Not an efficient rectangle, like the classic Costco roll aboard (now spinner) or like the Rick Steves branded wheelie. It has that front panel "bulge". That is the sole reason I deducted a single star from my rating. In terms of appearance (premium like Briggs & Riley? yes) and construction details, it is 5-star, first class. I will add a paragraph at the end of this review explaining the "perfect rectangle" idea.

Pros of this bag:

+ It passes the "wheel-it" test - you can drag it behind you like a two-wheeled roll-aboard, and the wheels won't start oscillating which happens on some lesser spinners.

+ It passes the "reverse wheel it" test - if you are dragging it behind you like a two-wheeled roll-aboard, you can push it in reverse, and the wheels won't lock or grab or oscillate when you switch from pulling to pushing. (Surprisingly enough, some spinners are very "pull-able" but fail miserably when you "push" them instead.) Mind you, I'm talking about the situation where you have the bag leaned onto two wheels, which comes up more often than you might think, even with a spinner.

+It is like ball-bearings on ice in spinner mode - but almost all spinners pass this test. Easily push it through an airport while it rests on all four of its wheels - if you haven't tried this, it is much easier than using a two-wheeled roll-aboard. The luggage simply won't fight you back and never gets in another traveler's way.

+ Maximum size in terms of height, width, depth. Not recommended for regional jets with tiny overhead bins. Fits nose or wheels-end first into a 747 bin and the bin will close just fine. On an Airbus 300, you need to fit it in sideways.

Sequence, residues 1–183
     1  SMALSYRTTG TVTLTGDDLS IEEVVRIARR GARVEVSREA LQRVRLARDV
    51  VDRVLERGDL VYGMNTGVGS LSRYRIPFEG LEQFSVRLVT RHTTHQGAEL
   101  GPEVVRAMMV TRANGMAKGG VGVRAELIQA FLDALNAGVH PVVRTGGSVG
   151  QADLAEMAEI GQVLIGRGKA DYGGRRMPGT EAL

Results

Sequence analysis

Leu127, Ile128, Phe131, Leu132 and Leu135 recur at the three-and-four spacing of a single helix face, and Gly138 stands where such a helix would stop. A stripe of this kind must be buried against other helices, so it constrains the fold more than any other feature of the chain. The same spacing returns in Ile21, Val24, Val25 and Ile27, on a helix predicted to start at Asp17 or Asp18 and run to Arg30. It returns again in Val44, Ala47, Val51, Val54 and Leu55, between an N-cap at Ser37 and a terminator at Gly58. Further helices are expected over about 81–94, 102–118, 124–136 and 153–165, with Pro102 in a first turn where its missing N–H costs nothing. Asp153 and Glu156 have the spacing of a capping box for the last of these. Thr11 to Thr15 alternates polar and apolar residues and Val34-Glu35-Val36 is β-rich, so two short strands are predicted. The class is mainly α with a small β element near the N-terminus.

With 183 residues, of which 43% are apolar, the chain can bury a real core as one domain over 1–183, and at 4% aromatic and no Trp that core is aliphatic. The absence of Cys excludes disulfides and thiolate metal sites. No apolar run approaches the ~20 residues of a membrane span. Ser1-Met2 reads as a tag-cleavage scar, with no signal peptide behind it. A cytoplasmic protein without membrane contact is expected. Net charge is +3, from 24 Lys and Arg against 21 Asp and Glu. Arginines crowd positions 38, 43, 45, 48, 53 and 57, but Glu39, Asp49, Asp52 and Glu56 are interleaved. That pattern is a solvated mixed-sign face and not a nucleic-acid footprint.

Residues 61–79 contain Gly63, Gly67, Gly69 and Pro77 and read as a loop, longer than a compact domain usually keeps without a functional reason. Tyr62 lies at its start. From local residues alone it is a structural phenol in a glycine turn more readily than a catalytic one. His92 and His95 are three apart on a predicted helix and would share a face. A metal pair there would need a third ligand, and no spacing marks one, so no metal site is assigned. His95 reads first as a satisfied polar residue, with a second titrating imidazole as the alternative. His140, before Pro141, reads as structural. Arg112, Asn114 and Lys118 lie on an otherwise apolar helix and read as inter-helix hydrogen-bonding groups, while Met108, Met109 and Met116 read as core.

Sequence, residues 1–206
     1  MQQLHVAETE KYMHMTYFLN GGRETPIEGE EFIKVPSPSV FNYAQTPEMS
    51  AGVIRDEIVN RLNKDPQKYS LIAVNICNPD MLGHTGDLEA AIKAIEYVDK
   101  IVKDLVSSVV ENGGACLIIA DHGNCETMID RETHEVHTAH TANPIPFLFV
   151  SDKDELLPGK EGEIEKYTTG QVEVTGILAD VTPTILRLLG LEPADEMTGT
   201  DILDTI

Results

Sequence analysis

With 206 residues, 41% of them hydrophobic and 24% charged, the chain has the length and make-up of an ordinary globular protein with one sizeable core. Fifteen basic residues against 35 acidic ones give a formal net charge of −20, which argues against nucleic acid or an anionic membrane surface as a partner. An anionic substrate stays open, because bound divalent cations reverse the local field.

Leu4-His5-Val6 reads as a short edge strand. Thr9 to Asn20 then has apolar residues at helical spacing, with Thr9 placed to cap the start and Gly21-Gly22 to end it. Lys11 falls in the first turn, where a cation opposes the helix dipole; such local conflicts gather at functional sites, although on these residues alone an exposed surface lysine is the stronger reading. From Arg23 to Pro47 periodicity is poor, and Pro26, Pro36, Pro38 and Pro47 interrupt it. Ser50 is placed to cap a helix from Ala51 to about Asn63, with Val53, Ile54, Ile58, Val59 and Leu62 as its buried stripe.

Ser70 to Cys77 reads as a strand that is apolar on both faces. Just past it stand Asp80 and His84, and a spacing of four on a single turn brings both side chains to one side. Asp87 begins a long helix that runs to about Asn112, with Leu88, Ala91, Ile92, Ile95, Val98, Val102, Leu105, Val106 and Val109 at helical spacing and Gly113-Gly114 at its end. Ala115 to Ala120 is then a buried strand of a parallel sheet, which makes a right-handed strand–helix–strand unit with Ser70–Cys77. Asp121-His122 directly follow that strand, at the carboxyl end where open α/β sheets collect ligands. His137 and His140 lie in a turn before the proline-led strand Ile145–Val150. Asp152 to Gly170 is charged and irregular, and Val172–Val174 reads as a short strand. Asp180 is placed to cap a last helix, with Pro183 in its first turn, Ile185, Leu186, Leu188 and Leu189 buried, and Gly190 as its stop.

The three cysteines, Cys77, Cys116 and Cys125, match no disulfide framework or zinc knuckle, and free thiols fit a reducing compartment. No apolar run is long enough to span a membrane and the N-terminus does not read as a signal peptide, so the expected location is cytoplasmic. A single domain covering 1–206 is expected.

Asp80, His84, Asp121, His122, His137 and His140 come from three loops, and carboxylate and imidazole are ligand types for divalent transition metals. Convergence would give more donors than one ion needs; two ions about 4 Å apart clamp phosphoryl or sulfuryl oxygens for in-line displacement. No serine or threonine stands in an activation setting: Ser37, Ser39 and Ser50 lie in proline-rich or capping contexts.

+ Handles on top AND bottom, so you don't have to worry about which way you shove it in the overhead. Also a side handle, which is helpful if you are a shorter traveler and it drags on the ground in portrait mode.

+ One exterior almost full height drop slot, pretty sizeable; this slot has a zipper pouch at the top. One lid zipper mesh slot, about puff jacket size. A single side mesh zipper slot on the side of the main compartment.

+ Zipper expansion.

+ For a spinner, the wheels are lower profile, more compact, than many.

Cons:

- It's a spinner - it's inherently less space-efficient than a traditional lean-it-over wheelie. Of course a traditional lean-it-over wheelie is less space efficient than a simple rectangular cardboard box.

(Look at the original shipping carton this spinner ships in. It is optimally efficient - no wheels subtracting available interior space, no thick panels subtracting interior space, no handle in tubes subtracting interior space. A traditional wheelie and a spinner both give up space to a. the handle and b. thicker, more rugged panels, but a traditional wheelie's wheels are more compact and more recessed into the ideal shipping-carton envelope of available space.)

- It's technically oversize. Many airline testing boxes are a scosh oversize too, so you should be ok even if requested to sample box it. You WON'T be ok is you overstuff the front drop-in panel.